In a world full of communication, communication is what’s missing

Technology has made our lives easier. Apps such as Whatsapp, Telegram, Wechat, Facebook, iMessage, etc. have transformed the way we communicate and made it extremely easy to get in touch. Technology has enabled us to live-share locations, let others know when we’ve last been seen online and acknowledge read messages.

Think about it, even without a single message sent, we still communicate tons to the outside world:

Photo by Matam Jaswanth on Unsplash
“Yo, where are you” is obsolete because we have the ability to see in real time where our friends are.
“Yo, did you get my message” is irrelevant because there is a checkmark that tells us when our messages have been received and furthermore, if they have been read.
“Yo, still alive?” gone too, because as long as we see “last seen x minutes ago online” we know he/she are still alive.

And this happens without us even breaking a sweat. Not a single question being asked, not a single message being sent, not a damn thing.


All fine and dandy, however this new way of communication has opened a damned Pandora box in our minds. Texting is a very intimate communication channel but at the same time is also very distant, enabling us to have live conversations while excluding body language or facial expressions associated with it.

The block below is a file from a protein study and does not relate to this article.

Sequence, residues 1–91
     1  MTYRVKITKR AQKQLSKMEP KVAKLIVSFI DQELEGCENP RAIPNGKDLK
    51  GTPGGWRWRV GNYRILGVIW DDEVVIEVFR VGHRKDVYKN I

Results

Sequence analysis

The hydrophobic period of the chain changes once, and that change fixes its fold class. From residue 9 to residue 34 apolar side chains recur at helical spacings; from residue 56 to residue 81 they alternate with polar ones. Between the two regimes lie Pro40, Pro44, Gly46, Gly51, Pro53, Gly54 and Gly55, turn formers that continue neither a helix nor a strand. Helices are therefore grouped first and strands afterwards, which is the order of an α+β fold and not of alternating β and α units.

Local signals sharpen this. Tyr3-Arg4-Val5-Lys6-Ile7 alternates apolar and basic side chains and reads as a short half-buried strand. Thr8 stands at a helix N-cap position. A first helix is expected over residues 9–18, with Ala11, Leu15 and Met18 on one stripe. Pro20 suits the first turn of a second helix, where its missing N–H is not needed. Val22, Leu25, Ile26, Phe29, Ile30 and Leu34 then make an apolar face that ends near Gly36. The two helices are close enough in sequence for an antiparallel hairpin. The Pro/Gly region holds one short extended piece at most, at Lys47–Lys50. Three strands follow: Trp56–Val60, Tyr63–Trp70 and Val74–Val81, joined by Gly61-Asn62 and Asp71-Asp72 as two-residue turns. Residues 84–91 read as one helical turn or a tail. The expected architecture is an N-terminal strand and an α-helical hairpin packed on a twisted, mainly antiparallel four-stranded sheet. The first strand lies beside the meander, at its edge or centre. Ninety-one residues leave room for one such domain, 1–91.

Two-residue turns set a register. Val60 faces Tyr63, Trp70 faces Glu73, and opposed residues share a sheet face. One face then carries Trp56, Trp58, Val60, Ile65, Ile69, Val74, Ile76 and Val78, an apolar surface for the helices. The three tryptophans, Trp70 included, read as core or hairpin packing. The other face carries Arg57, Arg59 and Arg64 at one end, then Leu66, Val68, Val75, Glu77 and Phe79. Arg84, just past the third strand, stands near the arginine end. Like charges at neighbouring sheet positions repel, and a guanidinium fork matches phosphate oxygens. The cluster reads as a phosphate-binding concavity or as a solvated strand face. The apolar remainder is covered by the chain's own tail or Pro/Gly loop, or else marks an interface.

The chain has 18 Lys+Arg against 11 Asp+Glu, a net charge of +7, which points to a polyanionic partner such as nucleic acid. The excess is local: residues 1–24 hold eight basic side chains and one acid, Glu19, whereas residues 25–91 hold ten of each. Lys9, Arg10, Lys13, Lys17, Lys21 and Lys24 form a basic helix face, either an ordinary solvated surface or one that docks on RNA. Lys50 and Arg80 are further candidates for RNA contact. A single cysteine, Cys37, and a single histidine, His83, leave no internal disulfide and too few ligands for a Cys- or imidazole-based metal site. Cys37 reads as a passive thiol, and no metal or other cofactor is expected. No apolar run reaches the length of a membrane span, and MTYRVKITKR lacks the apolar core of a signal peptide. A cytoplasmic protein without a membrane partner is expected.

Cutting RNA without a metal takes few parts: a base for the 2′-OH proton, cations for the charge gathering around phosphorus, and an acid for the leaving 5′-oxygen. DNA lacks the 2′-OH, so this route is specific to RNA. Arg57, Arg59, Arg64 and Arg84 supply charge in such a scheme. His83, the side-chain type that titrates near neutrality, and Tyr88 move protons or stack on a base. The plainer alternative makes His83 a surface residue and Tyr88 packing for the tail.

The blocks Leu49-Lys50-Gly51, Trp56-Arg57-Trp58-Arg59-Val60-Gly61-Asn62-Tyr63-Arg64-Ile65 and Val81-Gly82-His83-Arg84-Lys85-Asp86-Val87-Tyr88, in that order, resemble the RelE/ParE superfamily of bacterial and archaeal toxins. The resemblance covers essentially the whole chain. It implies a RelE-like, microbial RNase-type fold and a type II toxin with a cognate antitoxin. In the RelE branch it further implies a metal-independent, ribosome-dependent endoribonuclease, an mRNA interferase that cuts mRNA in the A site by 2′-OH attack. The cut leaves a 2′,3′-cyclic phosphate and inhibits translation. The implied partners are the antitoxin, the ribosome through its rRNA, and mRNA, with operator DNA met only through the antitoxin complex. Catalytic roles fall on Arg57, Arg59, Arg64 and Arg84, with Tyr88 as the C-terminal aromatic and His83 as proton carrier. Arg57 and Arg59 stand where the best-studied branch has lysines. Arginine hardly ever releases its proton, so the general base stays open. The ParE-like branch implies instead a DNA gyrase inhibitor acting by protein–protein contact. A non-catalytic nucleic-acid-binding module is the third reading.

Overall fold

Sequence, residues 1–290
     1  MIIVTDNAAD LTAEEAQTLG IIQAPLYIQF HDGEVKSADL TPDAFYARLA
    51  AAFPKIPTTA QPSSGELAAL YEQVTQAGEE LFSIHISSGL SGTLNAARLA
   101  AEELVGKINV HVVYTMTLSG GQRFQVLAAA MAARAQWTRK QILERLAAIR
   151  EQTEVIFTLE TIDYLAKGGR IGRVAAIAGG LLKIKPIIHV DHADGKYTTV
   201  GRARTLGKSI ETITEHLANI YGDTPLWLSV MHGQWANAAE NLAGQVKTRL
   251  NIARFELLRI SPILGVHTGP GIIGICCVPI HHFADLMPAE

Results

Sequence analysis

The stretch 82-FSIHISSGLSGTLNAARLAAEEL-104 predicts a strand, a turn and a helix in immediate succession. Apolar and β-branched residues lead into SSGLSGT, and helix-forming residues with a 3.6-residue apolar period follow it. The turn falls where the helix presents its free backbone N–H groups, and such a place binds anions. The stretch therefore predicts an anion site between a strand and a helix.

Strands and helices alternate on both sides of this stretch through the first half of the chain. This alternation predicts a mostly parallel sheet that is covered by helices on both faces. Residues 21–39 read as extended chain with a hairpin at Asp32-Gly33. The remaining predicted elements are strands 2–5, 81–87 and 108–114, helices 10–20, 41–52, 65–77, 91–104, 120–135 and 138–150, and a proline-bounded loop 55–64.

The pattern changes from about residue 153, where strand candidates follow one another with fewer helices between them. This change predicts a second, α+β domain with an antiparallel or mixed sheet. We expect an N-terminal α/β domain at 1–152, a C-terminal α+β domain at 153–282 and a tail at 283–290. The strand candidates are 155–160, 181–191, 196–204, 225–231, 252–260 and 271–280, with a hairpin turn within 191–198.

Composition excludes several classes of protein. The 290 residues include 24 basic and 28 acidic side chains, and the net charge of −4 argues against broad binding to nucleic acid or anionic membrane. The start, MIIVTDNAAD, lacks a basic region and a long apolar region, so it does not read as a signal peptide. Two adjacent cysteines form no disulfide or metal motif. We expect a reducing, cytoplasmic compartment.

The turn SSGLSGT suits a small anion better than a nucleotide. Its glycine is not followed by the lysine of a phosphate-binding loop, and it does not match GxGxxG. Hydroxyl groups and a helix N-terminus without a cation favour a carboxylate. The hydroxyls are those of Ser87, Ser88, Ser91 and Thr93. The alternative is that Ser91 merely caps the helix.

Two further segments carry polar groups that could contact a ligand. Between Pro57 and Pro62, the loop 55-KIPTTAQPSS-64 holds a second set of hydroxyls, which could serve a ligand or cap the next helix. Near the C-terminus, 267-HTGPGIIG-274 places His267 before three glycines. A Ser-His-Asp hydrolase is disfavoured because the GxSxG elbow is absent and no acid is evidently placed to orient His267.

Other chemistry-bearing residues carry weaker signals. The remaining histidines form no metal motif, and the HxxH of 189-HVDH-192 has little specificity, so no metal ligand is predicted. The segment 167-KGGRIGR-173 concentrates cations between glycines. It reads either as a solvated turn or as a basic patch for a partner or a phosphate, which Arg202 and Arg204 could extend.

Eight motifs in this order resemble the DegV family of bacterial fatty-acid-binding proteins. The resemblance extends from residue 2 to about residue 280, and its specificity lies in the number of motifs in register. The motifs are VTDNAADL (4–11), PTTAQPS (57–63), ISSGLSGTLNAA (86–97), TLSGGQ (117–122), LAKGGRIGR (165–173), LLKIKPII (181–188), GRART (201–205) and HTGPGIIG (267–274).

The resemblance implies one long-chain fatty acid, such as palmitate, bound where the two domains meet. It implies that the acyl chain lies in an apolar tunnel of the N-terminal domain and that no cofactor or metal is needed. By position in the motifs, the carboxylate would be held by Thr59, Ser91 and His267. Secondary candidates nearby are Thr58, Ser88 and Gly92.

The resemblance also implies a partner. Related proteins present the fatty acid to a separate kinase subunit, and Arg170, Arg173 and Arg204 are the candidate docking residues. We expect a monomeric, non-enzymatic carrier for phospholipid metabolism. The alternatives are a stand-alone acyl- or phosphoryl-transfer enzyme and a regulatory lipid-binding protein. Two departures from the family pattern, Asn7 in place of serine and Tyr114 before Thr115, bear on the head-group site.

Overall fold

Furthermore, it gives us the freedom to respond to messages at our own convenience, thus breaking the “live” face2face communication style (if you were to be standing next to the other person you wouldn’t introduce any pauses, not unless you want things to become awkward right?). This new communication recipe means that texting can be convenient but confusing. Especially in new relationships where there is no previously set anchor, i.e. behavioural pattern to compare against.

Another problem with texting is that it provides us with sufficient time to measure and evaluate one another’s behaviour. It gives us sufficient time to start asking ourselves questions that normally shouldn’t even be necessary: “Did they read it?”, “Are they online?”, etc. And if this wasn’t enough, we then take a step further by “investigating” the texting cadence of our partner: “too many messages” is not good (shouting desperate a mile away), “too little” also not good (possible lack of interest?)

The only way to break this vicious circle is to understand that people communicate differently and try to find a balance between your own personal communication style and theirs. One solution to achieve this, is to apply a communication style and cadence that you are comfortable with and ensure that you can keep the same rhythm moving forward.

OR, if in doubt, just pickup the phone and call.